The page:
Just after the World Economic Forum, businesspersons and others went out in the press and encouraged people to go digital.
The reason is quite simple, my colleague explained: “We are at a crossroads between two types of societies – the old traditional one and the emerging new digital society.”
Transition periods are never easy, though, he continued. There will be winners and losers, and it’s now that we should start to determine what kind of society we want to see in the future. In France, the Yellow Vests protest movement might be an example of what we will see more of in the future. In the beginning, it was just protest against the rise in the gasoline prices. Now, it has gone further and might even turn into a political party. One of the things that they are asking for is a different system of participatory democracy. The French president has launched a “national dialogue”, and although most people do not expect much outcome, it might turn out to be better than most people expect.
In Norway, the Norwegian government just appointed the first minister in charge of digital issues. Erna Solberg, the Norwegian Prime Minister, said recently that Norway has to prepare for the digital revolution. She therefore appointed Nicolai Astrup, who was the Minister of Development, to this important position. Mr Astrup also sits on the United Nations High-Level Segment for Digital Cooperation established by United Nations Secretary-General Antonio Guterres last year. The Panel is reflecting on both the risks and the incredible benefits of digital transformation. It goes without saying that new thinking and innovative ideas are needed to harness the benefits and manage the risks of this digital age. Norwegian banks will start to employ robots to give people advice on how and where to save money based upon their spending history. So, apparently, 2019 will be be the year!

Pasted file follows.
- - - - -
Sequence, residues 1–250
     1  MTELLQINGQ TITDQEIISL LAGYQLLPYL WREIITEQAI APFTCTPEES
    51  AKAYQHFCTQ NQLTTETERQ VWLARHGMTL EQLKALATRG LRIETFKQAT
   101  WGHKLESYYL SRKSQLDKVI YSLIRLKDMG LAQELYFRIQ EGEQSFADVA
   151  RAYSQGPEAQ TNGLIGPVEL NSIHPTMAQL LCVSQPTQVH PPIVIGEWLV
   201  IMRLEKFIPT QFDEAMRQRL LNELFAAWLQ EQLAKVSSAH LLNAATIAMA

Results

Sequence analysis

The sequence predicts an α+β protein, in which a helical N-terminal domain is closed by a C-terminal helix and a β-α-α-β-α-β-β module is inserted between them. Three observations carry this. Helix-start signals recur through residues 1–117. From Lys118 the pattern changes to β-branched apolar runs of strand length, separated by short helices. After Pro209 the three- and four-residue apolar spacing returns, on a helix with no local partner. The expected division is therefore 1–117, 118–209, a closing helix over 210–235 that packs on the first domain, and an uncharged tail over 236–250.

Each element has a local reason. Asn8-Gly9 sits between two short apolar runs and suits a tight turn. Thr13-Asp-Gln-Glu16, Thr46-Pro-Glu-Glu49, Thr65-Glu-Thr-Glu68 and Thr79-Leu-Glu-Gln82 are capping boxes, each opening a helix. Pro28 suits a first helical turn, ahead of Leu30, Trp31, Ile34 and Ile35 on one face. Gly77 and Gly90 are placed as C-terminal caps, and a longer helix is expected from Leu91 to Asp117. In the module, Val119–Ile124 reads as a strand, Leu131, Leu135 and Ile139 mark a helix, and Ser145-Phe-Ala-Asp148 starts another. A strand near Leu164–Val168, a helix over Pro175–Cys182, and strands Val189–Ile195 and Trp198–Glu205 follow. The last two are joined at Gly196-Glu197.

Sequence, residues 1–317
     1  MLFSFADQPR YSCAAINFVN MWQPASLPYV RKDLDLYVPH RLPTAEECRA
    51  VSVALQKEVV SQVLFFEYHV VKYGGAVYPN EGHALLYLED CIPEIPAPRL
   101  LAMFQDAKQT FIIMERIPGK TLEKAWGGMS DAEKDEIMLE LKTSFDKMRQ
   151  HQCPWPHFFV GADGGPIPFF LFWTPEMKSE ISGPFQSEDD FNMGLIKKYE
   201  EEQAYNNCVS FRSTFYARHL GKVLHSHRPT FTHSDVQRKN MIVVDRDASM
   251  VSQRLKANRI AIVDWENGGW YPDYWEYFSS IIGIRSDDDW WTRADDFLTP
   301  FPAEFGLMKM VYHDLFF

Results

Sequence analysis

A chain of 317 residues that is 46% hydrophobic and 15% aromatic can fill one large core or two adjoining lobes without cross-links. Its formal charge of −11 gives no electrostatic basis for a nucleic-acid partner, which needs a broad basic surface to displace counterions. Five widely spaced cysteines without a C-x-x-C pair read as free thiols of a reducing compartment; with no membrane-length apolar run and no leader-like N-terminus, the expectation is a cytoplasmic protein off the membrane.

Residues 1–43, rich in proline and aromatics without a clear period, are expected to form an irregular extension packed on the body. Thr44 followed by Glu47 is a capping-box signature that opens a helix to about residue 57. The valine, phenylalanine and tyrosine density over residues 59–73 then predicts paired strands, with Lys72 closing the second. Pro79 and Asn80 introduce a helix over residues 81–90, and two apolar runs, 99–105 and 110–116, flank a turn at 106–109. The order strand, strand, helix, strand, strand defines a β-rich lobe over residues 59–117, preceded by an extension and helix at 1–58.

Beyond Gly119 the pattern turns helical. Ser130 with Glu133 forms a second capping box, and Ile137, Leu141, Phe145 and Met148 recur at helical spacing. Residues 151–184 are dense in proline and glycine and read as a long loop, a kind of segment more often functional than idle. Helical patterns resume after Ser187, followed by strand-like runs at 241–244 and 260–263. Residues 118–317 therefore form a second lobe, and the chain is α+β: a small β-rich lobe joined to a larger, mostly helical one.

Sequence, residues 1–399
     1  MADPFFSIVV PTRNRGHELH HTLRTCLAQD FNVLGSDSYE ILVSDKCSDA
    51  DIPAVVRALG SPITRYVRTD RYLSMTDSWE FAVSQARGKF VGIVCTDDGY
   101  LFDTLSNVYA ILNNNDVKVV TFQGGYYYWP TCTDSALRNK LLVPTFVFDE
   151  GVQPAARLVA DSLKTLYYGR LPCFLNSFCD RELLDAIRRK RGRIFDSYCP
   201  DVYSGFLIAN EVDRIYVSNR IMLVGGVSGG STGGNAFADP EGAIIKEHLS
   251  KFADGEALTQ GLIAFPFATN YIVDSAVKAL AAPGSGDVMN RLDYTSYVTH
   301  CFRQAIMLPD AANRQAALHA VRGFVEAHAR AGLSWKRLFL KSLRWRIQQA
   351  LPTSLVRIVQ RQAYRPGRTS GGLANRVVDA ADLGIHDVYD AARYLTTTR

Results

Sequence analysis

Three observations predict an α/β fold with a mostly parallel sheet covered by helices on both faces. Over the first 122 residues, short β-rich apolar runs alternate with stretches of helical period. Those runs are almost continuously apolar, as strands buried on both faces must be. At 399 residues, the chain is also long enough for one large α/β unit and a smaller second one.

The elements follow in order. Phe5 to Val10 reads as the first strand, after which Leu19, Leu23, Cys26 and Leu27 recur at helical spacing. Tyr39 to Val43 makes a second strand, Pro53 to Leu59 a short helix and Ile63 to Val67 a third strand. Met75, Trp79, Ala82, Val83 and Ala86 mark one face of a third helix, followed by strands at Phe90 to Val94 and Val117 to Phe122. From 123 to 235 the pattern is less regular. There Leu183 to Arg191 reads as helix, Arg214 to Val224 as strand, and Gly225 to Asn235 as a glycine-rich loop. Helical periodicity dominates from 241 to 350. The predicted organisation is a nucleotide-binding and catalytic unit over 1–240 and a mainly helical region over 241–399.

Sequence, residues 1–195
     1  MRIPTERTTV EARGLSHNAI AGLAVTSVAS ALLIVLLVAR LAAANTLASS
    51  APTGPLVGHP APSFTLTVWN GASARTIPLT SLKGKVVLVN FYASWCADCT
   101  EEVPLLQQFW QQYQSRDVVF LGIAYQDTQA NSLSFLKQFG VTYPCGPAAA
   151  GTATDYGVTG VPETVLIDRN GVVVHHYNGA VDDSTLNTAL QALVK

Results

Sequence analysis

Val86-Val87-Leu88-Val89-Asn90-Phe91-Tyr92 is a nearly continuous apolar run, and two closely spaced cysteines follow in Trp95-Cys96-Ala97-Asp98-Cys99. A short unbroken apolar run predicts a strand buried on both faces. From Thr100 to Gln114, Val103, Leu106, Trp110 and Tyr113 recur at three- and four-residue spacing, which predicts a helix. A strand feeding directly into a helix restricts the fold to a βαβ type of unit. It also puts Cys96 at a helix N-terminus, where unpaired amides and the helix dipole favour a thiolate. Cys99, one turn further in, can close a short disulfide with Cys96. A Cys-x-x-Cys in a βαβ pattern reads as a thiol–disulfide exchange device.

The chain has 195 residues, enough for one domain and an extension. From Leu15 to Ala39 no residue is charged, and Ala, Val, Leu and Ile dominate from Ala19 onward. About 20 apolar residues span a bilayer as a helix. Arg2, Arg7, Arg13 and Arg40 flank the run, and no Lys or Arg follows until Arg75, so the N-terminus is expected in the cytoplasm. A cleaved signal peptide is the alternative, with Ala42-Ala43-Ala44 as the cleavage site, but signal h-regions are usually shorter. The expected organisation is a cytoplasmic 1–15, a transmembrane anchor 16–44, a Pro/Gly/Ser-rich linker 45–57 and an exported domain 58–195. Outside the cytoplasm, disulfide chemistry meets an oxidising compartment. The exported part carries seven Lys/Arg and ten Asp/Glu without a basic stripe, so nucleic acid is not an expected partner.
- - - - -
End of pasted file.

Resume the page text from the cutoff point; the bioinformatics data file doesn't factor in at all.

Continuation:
A recent study published in the United States by the Brookings Institution showed that robots and artificial intelligence will replace as many as one quarter of the US working population in the years to come. Robots aren’t replacing everyone, but a quarter of U.S. job situations severely disrupted as artificial intelligence accelerates the automation of existing work is isgnificant. The report further says roughly 36 million Americans hold jobs with "high exposure" to automation — meaning at least 70 percent of their tasks could soon be performed by machines using current technology. Those jobs that remain largely unscathed by this evolution will be those requiring not just advanced education but also interpersonal skills and emotional intelligence and maturity.
However banal the question may sound, it is imperative that we ask it and try to answer it: where are we heading after all? Nobody really knows, but let us orient ourselves by quoting Martin Luther King: “Human progress is neither automatic nor inevitable... Every step toward the goal of justice requires sacrifice, suffering, and struggle; the tireless exertions and passionate concern of dedicated individuals.”
It is not enough to look ahead to, and brace for, technological developments. In thinking about how we shall participate in the making of this new emerging type of society, we must demand that justice be an integral component of it. Technological transition is not enough – there is ample evidence of that already in today’s world. We must bend our efforts to use this momentous transition to bring about the just world that Martin Luther King fought and died for.